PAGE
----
Standard Editor Arrested

POLICE yesterday arrested the editor of the Standard, Davison Maruziva, on allegations of publishing statements deemed prejudicial to the state and contempt of court after publishing an opinion article by MDC leader Arthur Mutambara lambasting a ruling of the High Court last month on the delayed release of the March 29 presidential election results.

The Standard edition of April 20-26 this year carried Mutambara’s article headlined “A Shameful Betrayal of National Independence” in which the robotics professor criticised Justice Tendai Uchena for dismissing the MDC-Tsvangirai’s application to compel the Zimbabwe Electoral Commission to release the results of the election.

Maruziva was arrested by detectives from the Law and Order section of the CID and was charged under provisions of the Criminal Law (Codification and Reform) Act which deals with publishing or communicating a false statement prejudicial to the state.

The Standard is a sister publication of the Zimbabwe Independent.

Iden Wetherell, Group Projects Editor of the Zimbabwe Independent and Standard, yesterday described the arrest of Maruziva as a serious attack on the media by the government.

“This is a serious attack on both press and political freedom,” Wetherell said. “The issues raised by Mutambara are all currently part of the national discourse.” 

At the time of going to press yesterday, Maruziva was still in police custody. His arrest came less than a week after journalists across the world celebrated World Press Freedom Day.

During the day, May 3, international and regional media bodies slammed the Zimbabwe government’s continued crackdown on local and foreign journalists after the March 29 harmonised elections.

The media watchdogs said they were “deeply” concerned by the rising cases of assault, intimidation and arrests of scribes in the country.

Last Friday, freelance reporter and Action Aid programme officer, Precious Shumba, became the 10th journalist to be arrested after the historic polls.

“This media crackdown is a calculated attack on journalists who have revealed what appears to be the loss of the elections by the ruling party,” the International Federation of Journalists (IFJ) said.

The IFJ said it was worrying to note that even the president of the Zimbabwe Union of Journalists, Mathew Takaona, was a recent victim of the crackdown when he was assaulted and robbed by people wearing army uniforms in Chitungwiza. 

Another international media watchdog, Reporters Without Borders, condemned the arrest and detention of freelance journalist Frank Chikowere last month.

Chikowore, who was released last week on bail, spent 17 days in custody after his arrest on April 15 while covering a job stayaway organised by the Morgan Tsvangirai-led MDC to protest the delay in announcing the result of the presidential election.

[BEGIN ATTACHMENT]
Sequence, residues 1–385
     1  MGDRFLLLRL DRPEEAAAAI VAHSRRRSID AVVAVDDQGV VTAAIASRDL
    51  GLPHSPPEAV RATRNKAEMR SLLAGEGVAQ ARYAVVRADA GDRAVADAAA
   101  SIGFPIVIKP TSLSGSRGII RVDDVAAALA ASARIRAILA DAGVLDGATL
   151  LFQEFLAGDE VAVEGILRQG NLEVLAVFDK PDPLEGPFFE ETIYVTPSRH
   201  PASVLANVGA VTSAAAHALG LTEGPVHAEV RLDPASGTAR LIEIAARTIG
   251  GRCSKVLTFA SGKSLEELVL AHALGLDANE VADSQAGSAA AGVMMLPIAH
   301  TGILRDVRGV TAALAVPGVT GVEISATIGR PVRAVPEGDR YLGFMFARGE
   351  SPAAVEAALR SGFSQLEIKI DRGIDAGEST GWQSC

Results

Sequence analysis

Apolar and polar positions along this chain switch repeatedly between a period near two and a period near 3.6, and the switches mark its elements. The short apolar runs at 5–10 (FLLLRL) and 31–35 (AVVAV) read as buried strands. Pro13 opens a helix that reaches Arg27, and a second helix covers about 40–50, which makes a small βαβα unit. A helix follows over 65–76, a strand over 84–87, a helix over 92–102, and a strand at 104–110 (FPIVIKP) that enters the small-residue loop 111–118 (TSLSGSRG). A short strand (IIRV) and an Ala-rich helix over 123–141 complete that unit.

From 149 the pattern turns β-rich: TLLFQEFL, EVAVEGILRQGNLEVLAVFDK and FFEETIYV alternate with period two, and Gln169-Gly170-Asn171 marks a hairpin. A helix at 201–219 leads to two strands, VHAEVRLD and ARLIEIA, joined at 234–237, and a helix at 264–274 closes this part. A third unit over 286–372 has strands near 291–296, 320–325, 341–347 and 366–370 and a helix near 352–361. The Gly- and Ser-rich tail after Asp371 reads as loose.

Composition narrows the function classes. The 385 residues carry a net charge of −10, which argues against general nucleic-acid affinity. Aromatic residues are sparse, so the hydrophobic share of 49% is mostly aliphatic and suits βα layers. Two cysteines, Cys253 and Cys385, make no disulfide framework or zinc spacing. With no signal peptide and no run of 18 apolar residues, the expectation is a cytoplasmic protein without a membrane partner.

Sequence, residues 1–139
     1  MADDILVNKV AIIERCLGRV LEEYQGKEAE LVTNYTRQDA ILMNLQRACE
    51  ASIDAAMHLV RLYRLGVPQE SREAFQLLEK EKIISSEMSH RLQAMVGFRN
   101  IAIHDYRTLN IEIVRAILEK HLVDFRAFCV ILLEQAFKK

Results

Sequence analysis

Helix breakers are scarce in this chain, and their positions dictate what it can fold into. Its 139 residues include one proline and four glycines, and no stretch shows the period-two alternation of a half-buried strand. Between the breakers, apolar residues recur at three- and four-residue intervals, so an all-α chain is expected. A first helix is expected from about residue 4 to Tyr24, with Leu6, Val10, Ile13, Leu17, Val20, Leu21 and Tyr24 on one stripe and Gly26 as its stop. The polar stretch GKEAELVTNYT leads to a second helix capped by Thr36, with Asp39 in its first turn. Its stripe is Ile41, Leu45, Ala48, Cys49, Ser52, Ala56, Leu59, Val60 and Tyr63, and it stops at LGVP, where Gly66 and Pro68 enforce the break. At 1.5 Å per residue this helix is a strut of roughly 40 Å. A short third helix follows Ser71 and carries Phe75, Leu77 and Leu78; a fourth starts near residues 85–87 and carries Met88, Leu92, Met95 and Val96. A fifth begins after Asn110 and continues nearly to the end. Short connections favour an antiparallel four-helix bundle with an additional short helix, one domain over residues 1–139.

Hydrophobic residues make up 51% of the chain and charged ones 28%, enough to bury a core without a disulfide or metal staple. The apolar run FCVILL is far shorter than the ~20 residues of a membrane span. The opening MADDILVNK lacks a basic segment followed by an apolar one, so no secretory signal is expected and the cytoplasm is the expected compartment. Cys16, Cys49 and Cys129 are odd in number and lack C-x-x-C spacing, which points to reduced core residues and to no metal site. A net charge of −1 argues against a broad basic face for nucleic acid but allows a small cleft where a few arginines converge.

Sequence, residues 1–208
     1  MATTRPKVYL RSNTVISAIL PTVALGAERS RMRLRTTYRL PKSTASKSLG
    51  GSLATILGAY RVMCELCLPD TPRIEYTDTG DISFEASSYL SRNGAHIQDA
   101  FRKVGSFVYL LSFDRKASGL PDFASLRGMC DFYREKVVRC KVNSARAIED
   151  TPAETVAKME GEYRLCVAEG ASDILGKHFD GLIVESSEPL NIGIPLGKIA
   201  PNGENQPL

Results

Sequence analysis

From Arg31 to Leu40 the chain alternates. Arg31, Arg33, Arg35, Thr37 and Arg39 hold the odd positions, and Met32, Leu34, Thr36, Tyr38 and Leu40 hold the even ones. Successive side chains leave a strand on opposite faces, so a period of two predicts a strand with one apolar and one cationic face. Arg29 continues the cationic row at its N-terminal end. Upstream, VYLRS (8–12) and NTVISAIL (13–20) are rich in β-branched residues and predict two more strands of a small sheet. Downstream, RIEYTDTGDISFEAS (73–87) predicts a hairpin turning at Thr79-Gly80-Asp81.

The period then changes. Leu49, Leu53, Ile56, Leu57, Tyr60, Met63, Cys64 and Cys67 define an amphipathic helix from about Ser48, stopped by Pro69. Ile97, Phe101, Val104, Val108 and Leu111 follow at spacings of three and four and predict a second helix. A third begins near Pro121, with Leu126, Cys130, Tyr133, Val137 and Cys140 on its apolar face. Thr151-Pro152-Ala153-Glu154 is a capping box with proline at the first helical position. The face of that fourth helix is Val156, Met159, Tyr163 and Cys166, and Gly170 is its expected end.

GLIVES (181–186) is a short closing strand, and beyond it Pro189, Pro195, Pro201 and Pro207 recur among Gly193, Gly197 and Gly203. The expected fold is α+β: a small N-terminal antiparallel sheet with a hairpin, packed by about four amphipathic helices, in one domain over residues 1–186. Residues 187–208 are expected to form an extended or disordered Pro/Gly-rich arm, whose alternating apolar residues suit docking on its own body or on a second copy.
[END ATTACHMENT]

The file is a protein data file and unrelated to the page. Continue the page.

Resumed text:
The journalist was charged with public violence and for allegedly torching a bus in Warren Park, Harare.

The police confiscated his laptop, recorder and camera. The Media Institute of Southern Africa said five other journalists, including Jonathan Clayton, the South Africa-based correspondent of the UK newspaper

The Times, were arrested and faced various charges after the elections.

Clayton was deported from Zimbabwe after being detained for eight nights and fined $20 billion on April 15 for violating the country’s immigration laws after he declared at Joshua Mqabuko Nkomo Airport, Bulawayo, that he was a tourist.

A Harare court last month acquitted another British reporter, Steve Bevan, and New York Times journalist Barry Bearak.

Both were arrested and detained for five days when police raided a lodge they were staying in on April 3 on charges of covering the March 29 election without accreditation.

But a Harare magistrate acquitted Bevan and Bearak after ruling that the state had detained the two without producing a warrant of arrest and had failed to provide evidence that the journalists had committed an offence.

Zimbabwean police also arrested two South Africans working for a satellite television service company on March 27. They were released on April 14.

A local freelance journalist Stanley Karombo was detained after being arrested at Gwanzura Stadium while covering the Independence celebrations.

Currently, Howard Burditt, an accredited Reuters cameraman, has been held for three nights at Harare Central for possession of a satellite phone.

Zimbabwe has some of the toughest media laws and a terrible record of harassment of journalists and repression of the media.

Some of the hostile laws include the Access to Information and Protection of Privacy Act, the Interception of Communications Act, the Broadcasting Services Act, the Criminal Law (Codification and Reform) Act, the Public Order and Security Act and the Censorship and Control of Entertainment Act.

Meanwhile, Information and Publicity minister Sikhanyiso Ndlovu reportedly told the Bulawayo Press Club at the weekend that the government was planning to tighten controls on the media.

Ndlovu said the government would limit the accreditation of foreign journalists ahead of the expected run-off presidential election between Morgan Tsvangirai and President Robert Mugabe expected before May 23.

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